UGLY

— Injured: Paul Carey, Josiah Didier, Matt Filipe, Brendan Woods

Quick hits on Studnicka, Vaakanainen & Vladar as Providence finishes strong

All’s well that ends well.

The Providence Bruins were in an 0-2 hole and in danger of losing first place in the Atlantic Division to the Hartford Wolf Pack on Thursday afternoon in Marlboro, but they turned it on in the final 30 minutes and rolled to a 6-3 win in the last game of the season.

It’s the second year in a row Providence has won the Atlantic Division. They finished with a 15-6-2-2 record and a .680 points percentage.

“In a year where we were not really sure which way is up, the one thing we did know was today at 1 o’clock we had an opportunity to either win or lose a division title. Those opportunities don’t come around too often and our guys certainly took full advantage of it,” said coach Jay Leach.

Zach Senyshyn, Oskar Steen and Sammy Asselin finished with 1-1-2 for the P-Bruins. Jack Studnicka and Pavel Shen both had two assists.

Down by two goals halfway through the game, Providence received a jumpstart in the form of a goal from an unexpected source as Ian McKinnon fired home a wrist shot for his first goal of the season.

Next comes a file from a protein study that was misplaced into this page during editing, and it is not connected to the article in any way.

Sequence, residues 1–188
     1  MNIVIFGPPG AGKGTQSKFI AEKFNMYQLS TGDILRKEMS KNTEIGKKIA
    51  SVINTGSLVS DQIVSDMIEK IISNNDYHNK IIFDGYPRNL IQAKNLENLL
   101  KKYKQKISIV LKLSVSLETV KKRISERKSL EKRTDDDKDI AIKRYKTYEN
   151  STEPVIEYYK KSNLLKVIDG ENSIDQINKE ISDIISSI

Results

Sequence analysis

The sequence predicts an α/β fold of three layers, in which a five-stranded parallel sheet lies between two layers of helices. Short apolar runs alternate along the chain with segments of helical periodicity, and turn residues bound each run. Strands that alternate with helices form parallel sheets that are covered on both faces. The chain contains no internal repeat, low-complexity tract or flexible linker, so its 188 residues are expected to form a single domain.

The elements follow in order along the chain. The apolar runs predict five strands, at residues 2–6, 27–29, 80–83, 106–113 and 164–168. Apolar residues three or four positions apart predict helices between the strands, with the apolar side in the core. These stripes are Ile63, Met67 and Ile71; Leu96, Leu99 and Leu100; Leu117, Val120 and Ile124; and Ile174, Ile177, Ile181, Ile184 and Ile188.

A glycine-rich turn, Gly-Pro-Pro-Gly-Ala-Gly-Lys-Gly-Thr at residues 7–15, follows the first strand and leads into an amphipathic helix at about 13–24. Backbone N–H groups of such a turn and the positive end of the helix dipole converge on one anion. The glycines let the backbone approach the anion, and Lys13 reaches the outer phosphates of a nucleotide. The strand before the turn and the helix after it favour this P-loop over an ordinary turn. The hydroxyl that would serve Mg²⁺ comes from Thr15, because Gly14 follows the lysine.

“I don’t know if there’s a more popular guy in the room than Mac, so that certainly does give us a boost,’’ said Leach. “At that moment, there really was not a lot going on for us. Really not much cooking. Then Mac buries it, yeah, there was a lift, absolutely. The guy’s been fighting for us since he got here. He certainly got us going.’’

With the victory, the season ended on a very positive note for three of Boston’s better prospects – Studnicka, Urho Vaakanainen and Dan Vladar — all of whom had strong games on Thursday.

Here are three quick hits.

JACK STUDNICKA

Studnicka had his ups and downs in the AHL this season, but finished strong. He was never better than on Thursday, when the swagger that he displayed during his rookie season a year ago was back.